Report by Santanu Ganguly, Pune: “The Inner Path”, a first-ever Buddhist film festival, will be held in Pune from 1- 3 June 2012. Organised by the Pune International Centre in collaboration with the Network for the Promotion of Asian Cinema (NETPAC), Devki Foundation and the National Film Archive of India, the Festival will showcase ten films – features and documentaries - on Buddhist themes from Asian and Western countries. They demonstrate the myriad streams of Buddhism practiced around the world, yet all directed towards ‘the Inner Path’. The event will be held in the National Film Archive of India auditorium.
An exhibition of ancient Buddhist texts from different Asian countries – taken from the archives of the Bhandarkar Oriental Research Institute – is also being organised at NFAI concurrently with the festival. The exhibition will be held at the Jaikar Bunglow at NFAI.
Buddhist Film Festivals are routinely held in Singapore, Hong Kong, California, London, Washington and in a few other cities of the world. However, in India, the birthplace of the Buddha and Buddhism, such a festival was first put together in New Delhi in April this year. The films were specially selected and curated by a panel of experts on film and Buddhism.
Some of these films will be now screened in Pune thanks to PIC’s collaboration with NETPAC and Devki Foundation. Conceptualized by Aruna Vasudev, President, NETPAC, in association with Suresh Jindal, Chairman, Devki Foundation, the festival promises to be a unique experience in terms of the themes and experiences handled by the various directors.
Two Indian films are part of the programme: Light of Asia (1926), a landmark work in the history of Indian Cinema, directed by Himansu Rai and Franz Osten, was the first instance of an international co-production with Emelka of Germany and the film was processed there. Shot entirely on location in Jaipur (except for the opening sequence in Bombay), with an all-Indian cast, and with Sharada Ukil, a famous artist from the Bengal school in the role of the King, Light of Asia is an example of the enormous efforts of mise-en-scene made by the directors in the early stages of filmmaking in India.
The other, more recent film, The Sandstorm (Trishagni), directed by Nabendu Ghosh, and starring Nana Patekar, Pallavi Joshi, Nitish Bhardwaj and Alok Nath, is a tale of monastic life, the pressures of young adulthood, temptation and wisdom.
The festival will be inaugurated by the veteran actor Mr Kabir Bedi in the presence of Aruna Vasudev and Suresh Jindal. Entry is free and on first come first served basis. NFAI Auditorium rules will be applicable.
NETPAC India was established in 1996 with the mission to promote Asian cinema in India and abroad. In 1988, UNESCO, Paris, approached Cinemaya, The Asian Film Quarterly - launched in New Delhi in 1988, published and edited by Aruna Vasudev, and distributed internationally - to organise a conference on Asian cinema. Held in 1990 and attended by participants from Asia and around the world, it led to the creation of the Network for the Promotion of Asian Cinema – NETPAC. Cinemaya became its official journal. Cinemaya opened viewers' eyes and minds to the cinemas of Asia. Following the NETPAC conference, festivals began focusing on Asian films. NETPAC India presented Asian film weeks, programmed Asian films for festivals in India, promoted Indian cinema overseas, organised Film Appreciation courses and conducted seminars. In 1999, it launched the annual Cinefan Festival of Asian Cinema in Delhi. A not-for-profit organisation, NETPAC India is affiliated to NETPAC International, an international NGO. Aruna Vasudev, founder of Cinemaya and Cinefan, continues to be the President of NETPAC International and NETPAC India.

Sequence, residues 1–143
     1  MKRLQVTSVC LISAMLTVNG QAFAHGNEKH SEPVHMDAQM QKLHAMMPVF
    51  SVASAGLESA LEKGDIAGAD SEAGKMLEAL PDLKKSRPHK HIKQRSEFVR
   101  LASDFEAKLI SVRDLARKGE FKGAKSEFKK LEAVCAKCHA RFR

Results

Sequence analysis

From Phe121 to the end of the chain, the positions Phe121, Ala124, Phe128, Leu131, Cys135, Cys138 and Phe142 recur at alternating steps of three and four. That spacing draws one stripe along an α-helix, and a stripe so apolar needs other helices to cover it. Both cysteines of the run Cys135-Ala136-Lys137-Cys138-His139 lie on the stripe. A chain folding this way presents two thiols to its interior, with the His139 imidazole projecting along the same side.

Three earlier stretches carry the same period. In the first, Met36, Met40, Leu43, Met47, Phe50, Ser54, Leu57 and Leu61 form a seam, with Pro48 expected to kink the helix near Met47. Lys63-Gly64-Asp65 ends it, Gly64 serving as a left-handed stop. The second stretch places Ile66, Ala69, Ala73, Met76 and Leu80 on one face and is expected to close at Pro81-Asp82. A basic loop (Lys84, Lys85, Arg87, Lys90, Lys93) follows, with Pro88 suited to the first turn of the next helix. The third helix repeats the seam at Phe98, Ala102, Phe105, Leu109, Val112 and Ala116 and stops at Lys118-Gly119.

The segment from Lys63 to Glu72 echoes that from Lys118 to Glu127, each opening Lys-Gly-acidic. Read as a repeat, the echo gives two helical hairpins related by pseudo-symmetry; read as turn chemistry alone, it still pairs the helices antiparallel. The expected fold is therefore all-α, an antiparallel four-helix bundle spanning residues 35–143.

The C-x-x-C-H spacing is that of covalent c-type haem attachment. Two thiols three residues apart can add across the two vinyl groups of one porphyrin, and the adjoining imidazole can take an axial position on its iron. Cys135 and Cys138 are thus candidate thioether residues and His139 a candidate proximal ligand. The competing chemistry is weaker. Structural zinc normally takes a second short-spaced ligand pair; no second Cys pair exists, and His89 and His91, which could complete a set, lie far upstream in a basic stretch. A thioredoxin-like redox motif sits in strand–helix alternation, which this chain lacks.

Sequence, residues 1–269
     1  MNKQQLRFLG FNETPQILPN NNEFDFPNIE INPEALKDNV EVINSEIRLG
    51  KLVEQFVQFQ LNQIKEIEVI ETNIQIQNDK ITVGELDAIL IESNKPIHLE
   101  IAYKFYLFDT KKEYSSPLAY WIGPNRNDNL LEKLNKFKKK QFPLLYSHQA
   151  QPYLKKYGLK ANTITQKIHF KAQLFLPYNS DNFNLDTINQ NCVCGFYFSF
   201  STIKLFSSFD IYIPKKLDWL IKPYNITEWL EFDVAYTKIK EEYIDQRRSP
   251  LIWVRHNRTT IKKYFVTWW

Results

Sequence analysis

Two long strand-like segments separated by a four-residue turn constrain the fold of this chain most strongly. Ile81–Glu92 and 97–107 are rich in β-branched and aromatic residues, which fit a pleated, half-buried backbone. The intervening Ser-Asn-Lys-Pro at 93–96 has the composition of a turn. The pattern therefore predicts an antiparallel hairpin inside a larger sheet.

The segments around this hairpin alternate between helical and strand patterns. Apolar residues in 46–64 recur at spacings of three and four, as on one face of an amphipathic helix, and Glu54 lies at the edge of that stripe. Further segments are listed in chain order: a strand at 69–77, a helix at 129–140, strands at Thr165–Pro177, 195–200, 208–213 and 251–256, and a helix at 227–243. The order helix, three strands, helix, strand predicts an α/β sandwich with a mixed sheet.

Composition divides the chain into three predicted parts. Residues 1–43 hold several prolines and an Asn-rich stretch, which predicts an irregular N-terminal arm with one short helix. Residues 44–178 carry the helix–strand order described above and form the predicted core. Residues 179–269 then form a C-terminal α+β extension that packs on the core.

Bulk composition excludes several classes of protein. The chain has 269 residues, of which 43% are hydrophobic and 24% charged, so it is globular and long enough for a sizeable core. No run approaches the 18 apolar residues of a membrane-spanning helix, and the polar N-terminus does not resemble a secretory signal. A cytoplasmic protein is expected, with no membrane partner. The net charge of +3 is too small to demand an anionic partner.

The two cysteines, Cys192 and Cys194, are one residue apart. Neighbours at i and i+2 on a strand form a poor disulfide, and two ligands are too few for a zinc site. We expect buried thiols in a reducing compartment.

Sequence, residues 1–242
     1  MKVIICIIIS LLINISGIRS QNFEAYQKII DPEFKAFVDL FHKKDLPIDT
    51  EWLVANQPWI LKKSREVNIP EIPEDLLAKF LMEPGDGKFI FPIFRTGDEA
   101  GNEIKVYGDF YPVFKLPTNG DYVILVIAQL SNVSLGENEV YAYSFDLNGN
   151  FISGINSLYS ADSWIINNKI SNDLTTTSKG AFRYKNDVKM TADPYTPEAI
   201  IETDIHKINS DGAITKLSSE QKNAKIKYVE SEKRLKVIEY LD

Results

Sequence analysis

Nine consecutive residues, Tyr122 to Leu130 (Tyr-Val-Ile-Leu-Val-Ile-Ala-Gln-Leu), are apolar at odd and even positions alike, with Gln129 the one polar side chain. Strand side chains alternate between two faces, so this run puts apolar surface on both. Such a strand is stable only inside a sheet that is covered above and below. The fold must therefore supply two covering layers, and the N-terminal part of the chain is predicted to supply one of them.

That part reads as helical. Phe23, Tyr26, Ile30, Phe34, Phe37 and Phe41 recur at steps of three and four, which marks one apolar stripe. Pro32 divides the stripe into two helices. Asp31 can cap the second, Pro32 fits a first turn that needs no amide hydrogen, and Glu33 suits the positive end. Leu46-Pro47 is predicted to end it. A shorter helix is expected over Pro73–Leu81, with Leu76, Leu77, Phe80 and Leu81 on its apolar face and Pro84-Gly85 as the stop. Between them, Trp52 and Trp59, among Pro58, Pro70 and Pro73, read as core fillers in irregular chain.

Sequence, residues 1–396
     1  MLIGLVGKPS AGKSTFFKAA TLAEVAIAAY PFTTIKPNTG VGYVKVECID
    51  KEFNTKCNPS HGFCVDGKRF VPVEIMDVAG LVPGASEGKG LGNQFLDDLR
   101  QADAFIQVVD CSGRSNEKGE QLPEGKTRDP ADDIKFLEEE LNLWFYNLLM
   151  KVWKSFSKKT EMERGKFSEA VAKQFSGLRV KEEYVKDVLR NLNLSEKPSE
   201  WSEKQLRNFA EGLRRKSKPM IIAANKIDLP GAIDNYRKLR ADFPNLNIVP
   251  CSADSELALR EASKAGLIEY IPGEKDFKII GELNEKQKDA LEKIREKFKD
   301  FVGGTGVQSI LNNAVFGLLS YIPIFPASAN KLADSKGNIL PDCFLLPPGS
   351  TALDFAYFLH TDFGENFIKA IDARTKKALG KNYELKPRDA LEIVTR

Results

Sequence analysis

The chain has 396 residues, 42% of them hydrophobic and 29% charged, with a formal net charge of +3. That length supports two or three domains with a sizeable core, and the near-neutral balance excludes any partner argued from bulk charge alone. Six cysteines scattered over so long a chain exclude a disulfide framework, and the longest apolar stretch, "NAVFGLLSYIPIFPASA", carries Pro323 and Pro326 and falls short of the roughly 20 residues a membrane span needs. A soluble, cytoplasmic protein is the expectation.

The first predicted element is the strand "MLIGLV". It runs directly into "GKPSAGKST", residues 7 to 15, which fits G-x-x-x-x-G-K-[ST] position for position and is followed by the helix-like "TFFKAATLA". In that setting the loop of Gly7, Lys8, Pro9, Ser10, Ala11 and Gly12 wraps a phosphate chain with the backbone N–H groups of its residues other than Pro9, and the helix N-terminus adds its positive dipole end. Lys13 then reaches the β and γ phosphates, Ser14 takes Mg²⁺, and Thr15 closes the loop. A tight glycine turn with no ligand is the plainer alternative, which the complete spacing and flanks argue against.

Devki Foundation is a registered trust of award-winning film producer Suresh Jindal whose films include Rajnigandha (Basu Chatterji), Shatranj ke Khiladi (Satyajit Ray), Gandhi (Richard Attenborough) and Naukar ki Kameez (Mani Kaul). Jindal is the Executive Producer of a recently completed film, Vara, by Khyntse Norbu. He is a member of the National Honorary Mathematics Society of America. Formerly, he was a member of the Academic Council of FTII, and Vice President of the Indian Motion Pictures Producers Association. The Trust contributes to the fields of arts, education, Dharma and research in Indology. It has donated to Buddhist schools and Dharma centres and helped sponsor the first teachings requested by the Indian Sangha from His
Holiness the Dalai Lama to be held in June this year. It is currently planning to set up a private museum to house Jindal's large personal collection - from 2nd century BC to contemporary art .
India's leading cultural heritage management institution, the National Film Archive of India, established in Feb. 1964 under the Ministry of Information and Broadcasting, aims to safeguard India's cinema heritage, disseminate a healthy film culture, promote scholarship and research, familiarize foreign audiences with Indian Cinema and make it more visible across the globe. As a member of the International Federation of Film Archives, it gets expert advice and material on preservation techniques and documentation. Its own vaults meet international film preservation
standards. NFAI acquires national and international films for its collection. Its library contains 30,000 books published worldwide. Over 40,000 Indian and foreign film scripts received from the Central Board of Film Certification are preserved here. The Research and Documentation Centre has a large collection of ancillary material on Indian Cinema - photographs/stills, song-booklets, wall-posters, pamphlets. For 30 years, NFAI has been conducting an Annual Film Appreciation Course in collaboration with FTII, bringing the best of Indian and World Cinema to participants. Topics include: Basics of the Film Medium, Cinema as an Art, Film History, Film Theory, Relationship of Cinema with Other Arts. It also co-ordinates similar short-term courses in
collaboration with educational institutions and cultural organizations outside Pune.